Marinara: The Recipe

Read my Multi-Part Guide to marinara.

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800 g (28 oz) can of whole plum tomatoes
50 g (60 mL or about a quarter cup) extra virgin olive oil
50 g (about six to eight medium-sized) garlic cloves, very thinly sliced
1 medium sprig fresh oregano with the stem
1 medium sprig fresh basil with the stem
3 medium-sized basil leaves, julienned
Kosher salt to taste (about 5 g or one teaspoon)


60 g (60 mL or about a quarter cup) kombu dashi
3 g (one large) dried red chili pepper


  1. Empty tomatoes and juices from the can into a large bowl. By hand, thoroughly crush the tomatoes so that they break down into pieces no bigger than the size of a dime.
  2. If using the dashi, pour into the can and swirl around to pick up the tomato juices and small solids. If not using dashi, use an equivalent amount of water. Reserve this mixture.
  3. In a large, stainless or carbon steel skillet (do not use cast iron or a deep pot) heat the oil to approximately 230 °C (446 °F). Add the garlic and simmer just until it becomes aromatic.
  4. Before the garlic has a chance to brown even slightly, add the tomatoes. Start a timer for 20 minutes. Your tomatoes are now on the clock and cannot cook for longer than that. Gently, but quickly, fold the tomatoes and juices with the olive oil, integrating the two as best you can. You know you’re done when there is not much oil pooling atop the tomatoes.
  5. Wait until your tomatoes come to a mild simmer then pour in your dashi (or water) mixture. Carefully, but quickly, integrate this by folding it in with the tomatoes.
  6. Sprinkle salt over the whole surface of the tomatoes and add dried red chili pepper. Delicately but quickly fold the salt into the tomatoes until they just become deeply aromatic. Taste some of the sauce to verify a mild, pleasing saltiness. If insufficiently salty, sprinkle a small amount of additional salt and fold it into the tomatoes once again, note the change in aroma and taste again. Continue until salt is at mild, but pleasing level. Be careful not to oversalt and err on the side of undersalting.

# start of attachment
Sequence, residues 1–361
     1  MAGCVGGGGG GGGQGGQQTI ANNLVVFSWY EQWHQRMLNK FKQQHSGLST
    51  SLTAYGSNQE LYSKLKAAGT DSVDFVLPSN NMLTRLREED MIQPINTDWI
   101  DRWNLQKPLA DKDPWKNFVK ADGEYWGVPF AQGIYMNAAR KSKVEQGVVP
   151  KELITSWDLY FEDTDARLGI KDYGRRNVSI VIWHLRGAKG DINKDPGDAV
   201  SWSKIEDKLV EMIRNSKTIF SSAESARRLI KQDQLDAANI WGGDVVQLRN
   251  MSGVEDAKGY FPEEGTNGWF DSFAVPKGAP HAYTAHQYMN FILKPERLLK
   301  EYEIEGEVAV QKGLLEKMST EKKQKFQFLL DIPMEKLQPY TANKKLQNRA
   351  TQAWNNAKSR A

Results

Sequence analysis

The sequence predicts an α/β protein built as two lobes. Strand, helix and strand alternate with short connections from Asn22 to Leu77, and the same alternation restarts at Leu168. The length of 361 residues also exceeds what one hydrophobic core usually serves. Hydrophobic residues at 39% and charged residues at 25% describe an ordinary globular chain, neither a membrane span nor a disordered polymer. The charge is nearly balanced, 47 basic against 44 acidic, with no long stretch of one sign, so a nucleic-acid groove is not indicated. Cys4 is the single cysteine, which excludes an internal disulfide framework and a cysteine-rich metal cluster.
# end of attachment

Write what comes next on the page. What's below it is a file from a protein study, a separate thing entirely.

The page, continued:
7. Place the oregano and basil sprigs atop the sauce. Wait until the basil begins to wilt and push both downwards into the tomatoes. Bring sauce to a rolling simmer.
  8. As the sauce simmers, the olive oil will separate again and come to the surface. As it does it will turn a deep orange color. After 10 minutes of additional simmering taste the sauce. The soft, sweetness of the herbs should balance the acidity of the tomatoes. You should not be able to taste any overpowering herb flavor or bitterness. This is a sign that you have simmered too long and should not happen at this stage. If balance between sweetness and acidity has not been achieved (that is, insufficient herbal sweetness), continue to simmer, retasting every couple minutes until you perceive the balance or when your 20 minutes has expired.
  9. Remove from heat, delicately but quickly refold in the separated oil back into the sauce. Add additional salt to taste as necessary. Top with julienned basil.
  10. Use your marinara to coat pasta, to compliment baked goat cheese, atop pan roasted meatballs, alone with toast squares or however else you enjoy marinara.

Go back to part one, Marinara: A Multi-Part Guide.

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